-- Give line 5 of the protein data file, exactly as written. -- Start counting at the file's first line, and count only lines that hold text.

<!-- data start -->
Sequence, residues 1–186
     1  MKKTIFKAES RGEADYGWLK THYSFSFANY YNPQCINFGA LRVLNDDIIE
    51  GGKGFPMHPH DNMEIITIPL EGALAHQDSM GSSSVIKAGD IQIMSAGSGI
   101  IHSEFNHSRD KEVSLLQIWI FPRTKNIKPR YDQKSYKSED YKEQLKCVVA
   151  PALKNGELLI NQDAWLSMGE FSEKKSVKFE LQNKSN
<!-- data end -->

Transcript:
   151  PALKNGELLI NQDAWLSMGE FSEKKSVKFE LQNKSN